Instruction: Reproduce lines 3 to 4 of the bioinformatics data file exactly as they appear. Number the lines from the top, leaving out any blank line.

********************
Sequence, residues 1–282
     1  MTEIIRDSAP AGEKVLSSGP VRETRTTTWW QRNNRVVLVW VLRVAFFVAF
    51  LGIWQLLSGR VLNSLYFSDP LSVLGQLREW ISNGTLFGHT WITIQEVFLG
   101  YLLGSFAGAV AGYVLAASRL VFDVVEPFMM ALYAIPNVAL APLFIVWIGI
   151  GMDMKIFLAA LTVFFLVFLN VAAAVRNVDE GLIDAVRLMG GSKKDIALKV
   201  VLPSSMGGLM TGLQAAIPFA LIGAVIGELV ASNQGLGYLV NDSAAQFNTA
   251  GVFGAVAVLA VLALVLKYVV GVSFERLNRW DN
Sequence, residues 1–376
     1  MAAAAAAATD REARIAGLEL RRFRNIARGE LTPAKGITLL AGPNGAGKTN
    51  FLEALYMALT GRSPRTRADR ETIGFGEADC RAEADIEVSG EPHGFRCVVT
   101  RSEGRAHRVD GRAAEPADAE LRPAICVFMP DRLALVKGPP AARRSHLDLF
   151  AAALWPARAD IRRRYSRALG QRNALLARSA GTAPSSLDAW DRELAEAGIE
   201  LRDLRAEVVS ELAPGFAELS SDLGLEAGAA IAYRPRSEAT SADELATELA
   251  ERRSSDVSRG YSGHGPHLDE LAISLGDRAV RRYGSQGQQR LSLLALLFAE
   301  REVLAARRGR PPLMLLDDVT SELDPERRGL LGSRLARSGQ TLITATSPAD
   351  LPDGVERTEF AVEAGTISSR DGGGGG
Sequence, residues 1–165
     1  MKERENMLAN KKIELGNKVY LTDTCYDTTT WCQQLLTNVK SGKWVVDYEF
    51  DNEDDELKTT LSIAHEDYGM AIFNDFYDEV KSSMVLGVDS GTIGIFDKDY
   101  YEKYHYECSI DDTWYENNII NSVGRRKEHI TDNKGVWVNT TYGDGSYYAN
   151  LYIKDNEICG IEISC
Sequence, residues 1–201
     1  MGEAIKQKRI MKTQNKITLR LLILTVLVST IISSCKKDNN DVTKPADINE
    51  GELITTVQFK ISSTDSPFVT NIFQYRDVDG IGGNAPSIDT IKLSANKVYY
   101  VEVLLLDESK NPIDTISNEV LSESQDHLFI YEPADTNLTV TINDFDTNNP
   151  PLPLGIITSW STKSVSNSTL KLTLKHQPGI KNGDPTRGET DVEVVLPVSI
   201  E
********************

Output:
    51  LGIWQLLSGR VLNSLYFSDP LSVLGQLREW ISNGTLFGHT WITIQEVFLG
   101  YLLGSFAGAV AGYVLAASRL VFDVVEPFMM ALYAIPNVAL APLFIVWIGI